Around the time the bullying started at school, I went to the local barber shop with my grandfather. In Jamaica, a housekeeper called Hazel used to cut my hair. After moving to Japan, my grandfather initially performed this task, but then one day he took me to the barber shop for the first time.
The place was a small store run by an individual owner. I went in nervously holding my grandfather’s hand and sat down in front of a large mirror, before having a white towel draped over my body.
As I sat down and looked at the mirror, my black face looked as though it was floating above the white towel.
It was the black face that everyone had teased. I disliked looking at it in the mirror so I closed my eyes. A little later, the store owner said a few words to my grandfather.
“This kid’s hair is all over the place. There’s so much of it. This is going to cost extra.”
My whole world went dark. The barber’s words cut deep into my soul.
“I’m not worried about the price. Please just cut his hair,” my grandfather said.
“What style should I go for?” asked the owner.
“Just make it all short,” replied my grandfather.
I found the conversation painful. The barber started to cut my hair but my soul felt crushed.
“I want to go home! I want to get out of here.”
I put extra strength into my closed eyes. I straightened my back and clenched my fists underneath the white towel.
My Grandfather Cut My Hair Again After That
“It’s my fault, it’s all my fault. The fact I’m different to everyone else means this owner and my grandfather are in difficult positions.”
As the barber cut my hair, I continued to put strength into my entire body. My palms were sweating. All I could think about was disappearing from the barber shop. I couldn’t look at the mirror.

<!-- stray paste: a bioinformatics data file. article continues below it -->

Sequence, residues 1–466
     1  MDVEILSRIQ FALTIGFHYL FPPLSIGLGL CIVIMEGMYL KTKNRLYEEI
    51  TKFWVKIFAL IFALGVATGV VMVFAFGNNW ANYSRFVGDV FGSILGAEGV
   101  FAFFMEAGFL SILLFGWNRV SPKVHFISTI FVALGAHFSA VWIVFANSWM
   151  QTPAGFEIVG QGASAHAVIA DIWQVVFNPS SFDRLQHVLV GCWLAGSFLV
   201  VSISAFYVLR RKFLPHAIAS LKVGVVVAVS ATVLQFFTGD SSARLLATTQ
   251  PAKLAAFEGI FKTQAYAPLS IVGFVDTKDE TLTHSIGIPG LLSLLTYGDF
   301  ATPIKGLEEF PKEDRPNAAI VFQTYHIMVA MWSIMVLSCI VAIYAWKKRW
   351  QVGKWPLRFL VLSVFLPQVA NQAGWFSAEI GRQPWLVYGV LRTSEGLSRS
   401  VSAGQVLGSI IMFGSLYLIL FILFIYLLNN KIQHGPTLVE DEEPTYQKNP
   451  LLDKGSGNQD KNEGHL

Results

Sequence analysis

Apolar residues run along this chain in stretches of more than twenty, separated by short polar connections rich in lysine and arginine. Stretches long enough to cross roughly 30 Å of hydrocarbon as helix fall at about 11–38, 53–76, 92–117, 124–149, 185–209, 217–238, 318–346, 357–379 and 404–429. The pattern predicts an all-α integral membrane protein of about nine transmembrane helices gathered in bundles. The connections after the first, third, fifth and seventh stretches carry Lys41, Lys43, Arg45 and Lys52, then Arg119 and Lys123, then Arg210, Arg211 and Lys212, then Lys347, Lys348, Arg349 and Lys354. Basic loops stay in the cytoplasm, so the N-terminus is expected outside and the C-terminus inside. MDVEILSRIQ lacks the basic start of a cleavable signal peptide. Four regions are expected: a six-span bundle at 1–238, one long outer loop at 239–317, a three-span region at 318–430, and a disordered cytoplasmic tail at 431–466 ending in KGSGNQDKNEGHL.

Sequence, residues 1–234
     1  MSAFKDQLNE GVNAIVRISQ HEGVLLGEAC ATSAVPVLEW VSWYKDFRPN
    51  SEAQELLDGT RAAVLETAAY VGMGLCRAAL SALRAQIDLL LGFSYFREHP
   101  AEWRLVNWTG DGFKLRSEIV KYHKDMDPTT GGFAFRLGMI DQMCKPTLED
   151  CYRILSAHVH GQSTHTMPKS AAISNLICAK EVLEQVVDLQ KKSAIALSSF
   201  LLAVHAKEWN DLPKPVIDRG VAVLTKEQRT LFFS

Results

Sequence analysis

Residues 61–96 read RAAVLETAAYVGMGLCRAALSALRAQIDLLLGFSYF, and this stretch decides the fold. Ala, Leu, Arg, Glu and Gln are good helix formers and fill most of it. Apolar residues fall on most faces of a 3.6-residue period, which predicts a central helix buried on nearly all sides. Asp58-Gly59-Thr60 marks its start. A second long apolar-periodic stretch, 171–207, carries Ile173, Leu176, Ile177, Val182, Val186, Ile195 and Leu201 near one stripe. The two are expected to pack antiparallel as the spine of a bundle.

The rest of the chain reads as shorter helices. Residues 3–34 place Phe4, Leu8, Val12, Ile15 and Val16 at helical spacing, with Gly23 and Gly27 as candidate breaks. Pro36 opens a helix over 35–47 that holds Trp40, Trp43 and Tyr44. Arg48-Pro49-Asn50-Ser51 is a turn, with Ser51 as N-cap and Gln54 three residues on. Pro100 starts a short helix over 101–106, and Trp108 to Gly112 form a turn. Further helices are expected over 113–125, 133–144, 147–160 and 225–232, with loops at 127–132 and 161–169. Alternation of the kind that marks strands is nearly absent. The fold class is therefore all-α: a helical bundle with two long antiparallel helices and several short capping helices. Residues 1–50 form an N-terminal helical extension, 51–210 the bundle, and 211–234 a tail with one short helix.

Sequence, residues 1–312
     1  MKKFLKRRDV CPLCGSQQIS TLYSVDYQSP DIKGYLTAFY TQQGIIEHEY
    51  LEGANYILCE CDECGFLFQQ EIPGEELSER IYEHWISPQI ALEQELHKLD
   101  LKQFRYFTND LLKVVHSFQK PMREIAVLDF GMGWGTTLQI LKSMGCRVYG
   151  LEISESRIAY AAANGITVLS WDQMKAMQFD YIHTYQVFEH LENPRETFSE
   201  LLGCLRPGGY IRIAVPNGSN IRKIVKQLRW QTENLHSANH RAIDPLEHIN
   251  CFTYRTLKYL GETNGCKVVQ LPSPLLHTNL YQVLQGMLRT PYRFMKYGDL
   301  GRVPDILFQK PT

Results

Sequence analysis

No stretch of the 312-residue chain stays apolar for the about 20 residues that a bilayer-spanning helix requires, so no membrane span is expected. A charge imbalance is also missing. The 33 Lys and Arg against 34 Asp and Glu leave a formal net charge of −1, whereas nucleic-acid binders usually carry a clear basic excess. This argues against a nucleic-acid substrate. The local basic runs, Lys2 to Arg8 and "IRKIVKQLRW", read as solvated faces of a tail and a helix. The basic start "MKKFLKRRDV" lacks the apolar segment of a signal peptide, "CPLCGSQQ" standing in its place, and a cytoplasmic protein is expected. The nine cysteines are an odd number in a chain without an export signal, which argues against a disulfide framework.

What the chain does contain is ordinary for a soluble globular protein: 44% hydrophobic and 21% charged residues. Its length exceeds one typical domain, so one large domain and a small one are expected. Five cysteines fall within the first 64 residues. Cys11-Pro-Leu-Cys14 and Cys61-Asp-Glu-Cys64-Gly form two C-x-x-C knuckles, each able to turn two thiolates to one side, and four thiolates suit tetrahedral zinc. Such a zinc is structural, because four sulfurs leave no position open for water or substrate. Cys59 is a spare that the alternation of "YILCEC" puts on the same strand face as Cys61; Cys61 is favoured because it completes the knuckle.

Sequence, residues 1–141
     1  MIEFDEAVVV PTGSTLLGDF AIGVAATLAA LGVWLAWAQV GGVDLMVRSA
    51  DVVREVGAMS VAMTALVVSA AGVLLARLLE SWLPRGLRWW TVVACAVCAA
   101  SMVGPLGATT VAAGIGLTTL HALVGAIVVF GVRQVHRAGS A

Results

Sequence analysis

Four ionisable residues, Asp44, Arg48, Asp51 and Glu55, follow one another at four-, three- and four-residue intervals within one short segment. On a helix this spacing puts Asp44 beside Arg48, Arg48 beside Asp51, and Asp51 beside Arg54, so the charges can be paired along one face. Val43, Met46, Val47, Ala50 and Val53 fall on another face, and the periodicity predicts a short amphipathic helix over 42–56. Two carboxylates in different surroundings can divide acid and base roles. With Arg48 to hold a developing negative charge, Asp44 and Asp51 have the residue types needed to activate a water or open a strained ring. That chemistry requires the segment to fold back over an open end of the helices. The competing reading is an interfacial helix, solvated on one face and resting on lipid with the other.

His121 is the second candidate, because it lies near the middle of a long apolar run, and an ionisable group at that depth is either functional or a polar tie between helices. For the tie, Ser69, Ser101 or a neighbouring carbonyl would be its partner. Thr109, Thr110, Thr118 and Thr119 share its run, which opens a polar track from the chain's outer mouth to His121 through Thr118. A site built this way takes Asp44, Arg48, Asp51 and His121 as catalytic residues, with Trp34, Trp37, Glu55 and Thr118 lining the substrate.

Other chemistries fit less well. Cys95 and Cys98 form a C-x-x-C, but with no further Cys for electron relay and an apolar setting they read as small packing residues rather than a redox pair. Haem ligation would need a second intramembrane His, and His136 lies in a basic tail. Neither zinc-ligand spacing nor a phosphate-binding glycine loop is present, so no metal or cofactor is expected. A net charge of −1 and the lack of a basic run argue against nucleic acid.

“I’ve finished. What do you think?”
I said “thank you” without looking at the mirror and ran over to my grandfather. As my grandfather paid, I stood behind him with my soul still crushed.
“I never want my haircut in public again.”
My grandfather probably realized I was upset, and so from that day on, he cut my hair, until I graduated from junior high school.
I looked at the mirror every morning and there I was. My appearance never changed. My skin color was different than that of my mother, grandfather, and grandmother. My younger brother and I were black, but the other three were white. I never regarded their skin color as being strange, because their presence had been part of my everyday life for many years. They looked like many other people in Japan. But I was seen as being “different.”
Getting Hold of Baby Powder
As far as I was concerned, my life in Japan was not particularly different than that in Jamaica. Of course, the culture and scenery are not the same, but I was still me.
Yet, I started to doubt myself after the negative comments and the way people viewed me, which is something that never happened in Jamaica.
“I’m no good because I’m black. If I become white, I won’t have to endure all the negative comments and looks. I want to become white. How can I do this?”
I thought hard. “Why do I look different to everyone else?” Yet no matter how intensely I thought, I couldn’t find an answer.
In the end, I decided to cover my entire body with baby powder.
But of course, after I washed off the baby powder in the shower, the water on the floor whitened yet my face in the mirror was still black. I felt a sense of despair. My face was exactly the same.
The following evening, I thought to myself: “If I keep doing this, then maybe it will work.” I decided to cover my entire body with baby powder again.
“Mu-chan, you don’t need to do that.”
My mother had always been positive about my natural skin color.
“Mom, you’re wrong. You might like my skin color but there are some people I know who don’t. People think I’m strange and I hate that.”
I’ve done nothing wrong. I’m just trying to be white. But people don’t give me any credit. Inside I am “Musashi,” (武蔵) spelled using Japanese kanji characters, but from the outside I am “Musashi,” (ムサシ) spelled using katakana characters.
Author: Musashi Suzuki